Er, I like some of the results that people have made from AJAX, but to call it anything like the "ultimate client-side technology" is utterly bizarre and casts extreme doubt on the reviewer's credentials to review anything computer-related. I think it's safe to say that everyone that has studied AJAX has one overwhelming common opinion:

    "For the LOVE OF GOD! Why the hell in the year 2006 do we need to write anything in this godawful buggy language? There HAS to be a better solution. THERE HAS TO BE! STFU, there HAS to be! Please, GOD, there must be!! [breaks down in tears]"

    If AJAX is the "ultimate", then we might as well all take the poison kool-aid, because human civilization is an abject failure.

  • by truckburnt (1017180) on Monday October 23, 2006 @04:12PM (#16551044)
    "Like many, I've read several books on it and now I'm even brushing up on JavaScript so that I can try it out".

    Who reads several books on a technology before they "try it out"?

  • Re:AJAX problems (Score:3, Insightful)

    by thelifter (1017186) on Monday October 23, 2006 @04:23PM (#16551236)
    If you're maxing out CPU, you have problems bigger than the use of ajax. Ajax usually results in using the same bandwidth differently. You make more server requests than a traditional app, but the requests exchange smaller amounts of data. It's possible to misuse any technology and blame the technology for your own incompetence. Sounds like you've achieved the latter.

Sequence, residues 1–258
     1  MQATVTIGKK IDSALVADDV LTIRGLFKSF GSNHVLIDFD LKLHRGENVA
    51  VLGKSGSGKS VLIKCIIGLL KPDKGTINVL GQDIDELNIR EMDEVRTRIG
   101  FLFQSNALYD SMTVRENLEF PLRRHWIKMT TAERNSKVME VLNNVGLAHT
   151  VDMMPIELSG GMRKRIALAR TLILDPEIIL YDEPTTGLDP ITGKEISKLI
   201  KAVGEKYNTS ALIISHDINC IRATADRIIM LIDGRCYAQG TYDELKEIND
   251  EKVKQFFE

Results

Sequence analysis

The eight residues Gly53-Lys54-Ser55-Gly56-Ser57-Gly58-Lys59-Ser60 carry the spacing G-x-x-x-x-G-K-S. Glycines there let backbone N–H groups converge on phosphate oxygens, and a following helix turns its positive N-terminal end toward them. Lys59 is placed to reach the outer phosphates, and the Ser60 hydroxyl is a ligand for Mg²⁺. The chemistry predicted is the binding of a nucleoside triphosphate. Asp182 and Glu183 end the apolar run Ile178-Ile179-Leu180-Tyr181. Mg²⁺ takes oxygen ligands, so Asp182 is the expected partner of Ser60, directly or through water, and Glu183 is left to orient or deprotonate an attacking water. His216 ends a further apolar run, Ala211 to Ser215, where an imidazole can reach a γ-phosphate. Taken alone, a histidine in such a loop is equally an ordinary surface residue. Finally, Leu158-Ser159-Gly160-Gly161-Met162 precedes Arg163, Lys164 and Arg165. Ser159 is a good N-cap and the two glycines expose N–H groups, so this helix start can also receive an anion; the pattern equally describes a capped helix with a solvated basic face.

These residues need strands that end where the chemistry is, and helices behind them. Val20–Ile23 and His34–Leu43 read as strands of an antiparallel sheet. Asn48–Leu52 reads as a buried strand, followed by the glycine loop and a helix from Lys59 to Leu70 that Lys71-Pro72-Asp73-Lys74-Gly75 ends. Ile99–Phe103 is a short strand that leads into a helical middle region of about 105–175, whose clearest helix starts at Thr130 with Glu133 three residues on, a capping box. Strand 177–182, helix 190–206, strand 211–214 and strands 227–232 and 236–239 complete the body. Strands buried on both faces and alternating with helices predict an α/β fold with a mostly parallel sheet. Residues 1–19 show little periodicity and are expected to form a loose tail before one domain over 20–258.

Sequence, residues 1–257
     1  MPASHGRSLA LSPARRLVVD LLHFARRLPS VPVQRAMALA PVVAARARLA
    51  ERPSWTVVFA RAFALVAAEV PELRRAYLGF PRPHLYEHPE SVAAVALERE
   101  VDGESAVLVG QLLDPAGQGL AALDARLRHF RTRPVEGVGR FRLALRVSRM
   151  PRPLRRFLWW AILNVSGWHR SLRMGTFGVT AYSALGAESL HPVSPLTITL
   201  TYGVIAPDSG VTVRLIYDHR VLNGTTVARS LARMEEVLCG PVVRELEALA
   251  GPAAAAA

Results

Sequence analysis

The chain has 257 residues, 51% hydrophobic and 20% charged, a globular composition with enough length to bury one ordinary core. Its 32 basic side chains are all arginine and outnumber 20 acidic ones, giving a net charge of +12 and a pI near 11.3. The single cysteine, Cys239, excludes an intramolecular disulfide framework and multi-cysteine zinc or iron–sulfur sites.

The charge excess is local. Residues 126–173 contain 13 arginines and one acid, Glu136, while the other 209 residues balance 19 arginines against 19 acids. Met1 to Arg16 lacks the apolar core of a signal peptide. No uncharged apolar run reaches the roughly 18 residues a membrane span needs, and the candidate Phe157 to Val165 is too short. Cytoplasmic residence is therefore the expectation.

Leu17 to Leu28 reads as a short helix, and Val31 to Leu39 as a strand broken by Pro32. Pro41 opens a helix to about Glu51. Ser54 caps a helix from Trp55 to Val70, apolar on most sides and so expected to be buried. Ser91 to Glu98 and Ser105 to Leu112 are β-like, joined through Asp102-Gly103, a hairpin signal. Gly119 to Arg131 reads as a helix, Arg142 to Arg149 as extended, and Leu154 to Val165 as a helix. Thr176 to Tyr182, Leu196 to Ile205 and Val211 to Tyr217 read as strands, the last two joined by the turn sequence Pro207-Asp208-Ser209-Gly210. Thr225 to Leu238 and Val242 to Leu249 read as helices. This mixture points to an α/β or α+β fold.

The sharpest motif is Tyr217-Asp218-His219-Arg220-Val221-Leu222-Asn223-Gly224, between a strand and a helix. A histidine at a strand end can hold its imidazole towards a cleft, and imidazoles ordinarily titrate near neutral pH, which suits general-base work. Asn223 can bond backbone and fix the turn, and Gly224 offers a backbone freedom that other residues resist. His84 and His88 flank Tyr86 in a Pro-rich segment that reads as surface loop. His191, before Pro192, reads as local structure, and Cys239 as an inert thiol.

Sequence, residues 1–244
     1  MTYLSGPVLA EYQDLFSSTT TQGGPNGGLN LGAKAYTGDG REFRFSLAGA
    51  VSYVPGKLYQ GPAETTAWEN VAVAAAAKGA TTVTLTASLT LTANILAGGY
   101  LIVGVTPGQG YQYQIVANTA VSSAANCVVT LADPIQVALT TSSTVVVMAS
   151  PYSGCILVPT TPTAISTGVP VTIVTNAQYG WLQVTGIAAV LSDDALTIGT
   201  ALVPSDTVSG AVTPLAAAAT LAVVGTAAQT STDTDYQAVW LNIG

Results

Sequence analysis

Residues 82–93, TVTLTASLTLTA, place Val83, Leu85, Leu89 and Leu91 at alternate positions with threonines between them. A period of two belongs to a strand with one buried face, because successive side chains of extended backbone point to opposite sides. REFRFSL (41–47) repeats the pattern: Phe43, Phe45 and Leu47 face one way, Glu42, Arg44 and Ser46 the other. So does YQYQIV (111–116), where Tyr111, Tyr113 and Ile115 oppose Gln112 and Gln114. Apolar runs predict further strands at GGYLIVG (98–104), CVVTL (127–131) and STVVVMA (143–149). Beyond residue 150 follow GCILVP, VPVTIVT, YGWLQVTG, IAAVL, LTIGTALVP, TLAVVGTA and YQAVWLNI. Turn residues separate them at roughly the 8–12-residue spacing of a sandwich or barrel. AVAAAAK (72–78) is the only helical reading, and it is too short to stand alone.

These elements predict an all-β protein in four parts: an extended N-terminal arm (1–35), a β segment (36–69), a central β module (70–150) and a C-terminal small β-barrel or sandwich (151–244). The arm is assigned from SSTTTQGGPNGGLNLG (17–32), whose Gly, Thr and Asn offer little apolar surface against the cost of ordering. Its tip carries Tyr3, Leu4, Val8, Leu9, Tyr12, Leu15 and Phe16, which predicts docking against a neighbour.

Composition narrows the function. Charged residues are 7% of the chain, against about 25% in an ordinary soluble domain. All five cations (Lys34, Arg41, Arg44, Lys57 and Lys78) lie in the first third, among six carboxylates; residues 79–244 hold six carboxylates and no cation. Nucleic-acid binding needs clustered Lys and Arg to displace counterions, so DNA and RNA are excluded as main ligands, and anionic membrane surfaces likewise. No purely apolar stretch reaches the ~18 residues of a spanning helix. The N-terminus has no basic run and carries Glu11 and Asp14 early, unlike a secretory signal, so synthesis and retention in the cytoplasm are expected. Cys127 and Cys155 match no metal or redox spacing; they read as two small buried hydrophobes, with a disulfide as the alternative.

• Put another way: it's a poll technology. There is no way to allow the server to initiate a connection to a client.

    Mainframes worked the same way, and that didn't stop them any. In fact, it would be stupid to have a server trying to contact a bunch of firewalled client boxes out on the Internet. Besides not being scalable, the pull design of the web ensures that the clients are protected against exactly that sort of communication.

    I think the issue you're concerned about is that there's no way to maintain an open channel. i.e. IRC maintains an open connection. Telnet maintains an open connection. FTP maintains an open connection. Pretty much everything except AJAX can maintain a connection rather than having to poll for the latest content at regular intervals.

    I agree that such a design can be annoying, but it's something of a requirement for the web to function properly. Right now, you've got a few ways around this:

    1. Use Mozilla APIs in a signed web application to obtain a low-level TCP/IP connection.

    2. Find a Draft Web Application standards compliant browser, and use that so you can open a TCP/IP connection. (Good luck on that.)

    3. Use the Livescript interface between Java and JavaScript to maintain a TCP/IP connection over a hidden applet.